Below is a review I had posted on Amazon on October 17, 2014 and I thought it might also be useful for some people surfing this Forum, particularly those just starting out looking for electronic dartboards.
Typically it can be said that “you only get what you pay for”, but there were some good reasons for why we started with this board:
– soft-tip darts is virtually unheard of in this area e.g. I asked at our local SportsChek and they never heard of it, so other than some no-name darts at the local Walmart, no local shops carry anything in soft-tip,
– as a trial I started with only one soft-tip board for our seniors building to see how many players we might get,
– since there seemed to be a fair number of duds with all electronic boards, I ordered it online from Walmart.ca because I could return it to the local store within 90 days if it started to malfunction. (The only two 15.5″ electronic boards available from Walmart.ca online at the time were the Viper 777 and 787. They have recently added more boards.)
As a result, even with these boards malfunctioning like clockwork we’ve been going strong for 9 months with 12-16 regular players and since January playing two nights a week. So even though the Viper 777 boards didn’t stand up that well after we took a chance on them, we’ve become loyal soft-tip players.
Before buying I read many of the reviews on electronic dartboards and all seemed to have a fair percentage of duds chiefly in the electronics. The two main makers of home boards appear to be Arachnid and Viper. I wanted a regulation 15.5 inch board and purchased two Viper 777 boards for the dayroom in our seniors building.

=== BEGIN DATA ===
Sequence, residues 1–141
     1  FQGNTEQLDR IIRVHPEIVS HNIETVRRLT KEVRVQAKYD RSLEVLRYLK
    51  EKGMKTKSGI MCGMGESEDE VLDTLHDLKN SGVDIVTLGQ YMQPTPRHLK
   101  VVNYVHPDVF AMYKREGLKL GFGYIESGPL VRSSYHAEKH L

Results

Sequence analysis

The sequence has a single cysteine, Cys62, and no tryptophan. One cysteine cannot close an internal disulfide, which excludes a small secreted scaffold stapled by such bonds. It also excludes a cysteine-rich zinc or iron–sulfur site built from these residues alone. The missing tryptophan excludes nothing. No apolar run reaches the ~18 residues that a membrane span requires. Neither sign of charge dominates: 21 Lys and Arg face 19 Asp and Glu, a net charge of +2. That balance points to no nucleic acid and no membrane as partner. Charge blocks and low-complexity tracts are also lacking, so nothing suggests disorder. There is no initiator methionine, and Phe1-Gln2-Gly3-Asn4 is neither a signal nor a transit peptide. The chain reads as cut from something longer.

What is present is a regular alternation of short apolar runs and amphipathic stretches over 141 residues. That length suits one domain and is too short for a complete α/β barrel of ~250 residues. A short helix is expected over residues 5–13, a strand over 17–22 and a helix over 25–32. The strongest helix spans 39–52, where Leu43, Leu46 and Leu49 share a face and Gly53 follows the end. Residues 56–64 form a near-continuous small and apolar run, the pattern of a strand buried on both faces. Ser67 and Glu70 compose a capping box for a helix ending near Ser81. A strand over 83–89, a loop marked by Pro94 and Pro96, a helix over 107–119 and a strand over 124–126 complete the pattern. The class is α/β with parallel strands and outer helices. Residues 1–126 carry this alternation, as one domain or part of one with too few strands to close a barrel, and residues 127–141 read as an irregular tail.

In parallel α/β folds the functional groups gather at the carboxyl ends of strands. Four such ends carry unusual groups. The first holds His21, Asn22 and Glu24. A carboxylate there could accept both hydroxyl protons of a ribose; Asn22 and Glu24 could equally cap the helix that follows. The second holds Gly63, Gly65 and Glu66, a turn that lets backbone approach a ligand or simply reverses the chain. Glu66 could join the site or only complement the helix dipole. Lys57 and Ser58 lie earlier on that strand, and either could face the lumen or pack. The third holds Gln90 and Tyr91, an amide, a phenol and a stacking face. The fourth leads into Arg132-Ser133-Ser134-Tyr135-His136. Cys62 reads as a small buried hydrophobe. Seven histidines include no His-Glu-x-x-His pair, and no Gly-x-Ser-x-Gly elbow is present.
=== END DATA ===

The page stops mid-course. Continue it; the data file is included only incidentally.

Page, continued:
On one board the 14 single, double and triple segments began to score 9 so I returned it for a replacement. On the other board a soft-tip dart poked a hole through the LED protective plastic and I returned it today for a replacement. I’m not happy that the hard plastic LED readout cover broke. I may end up installing a thin plexiglas/lexan cover over the readout. In the meantime I installed a piece of screen protector tablet/ipod film on the replacement boards.
As stated by nearly every reviewer, the darts that come with the boards are essentially kid’s darts, they weigh 9 grams – great for kids, but not for adults. If you are interested in a better quality one-piece plastic shaft and flight dart, check out the “Fat Cat Highlander 16 Gram Soft-Tip”. I suspect the maximum soft-tip dart weight for these low end boards is 18 grams. BTW to remove broken dart tips from the board you need to purchase a “Dart Tip Removal Tool”. The tool pushes the broken tips into a cavity inside the board.
These boards consume batteries fairly fast (4 x AA) so think about rechargeables or finding a suitable AC/DC power adapter as it doesn’t come with the 777. Note that there appears to be two different specs for the Viper 777 AC/DC power adapter. The manual for one model states that the center/inside conductor is positive while the other model states that the center/inside is negative. Check the manual that came with your board or on the back of the board check for raised printing on the lower right corner.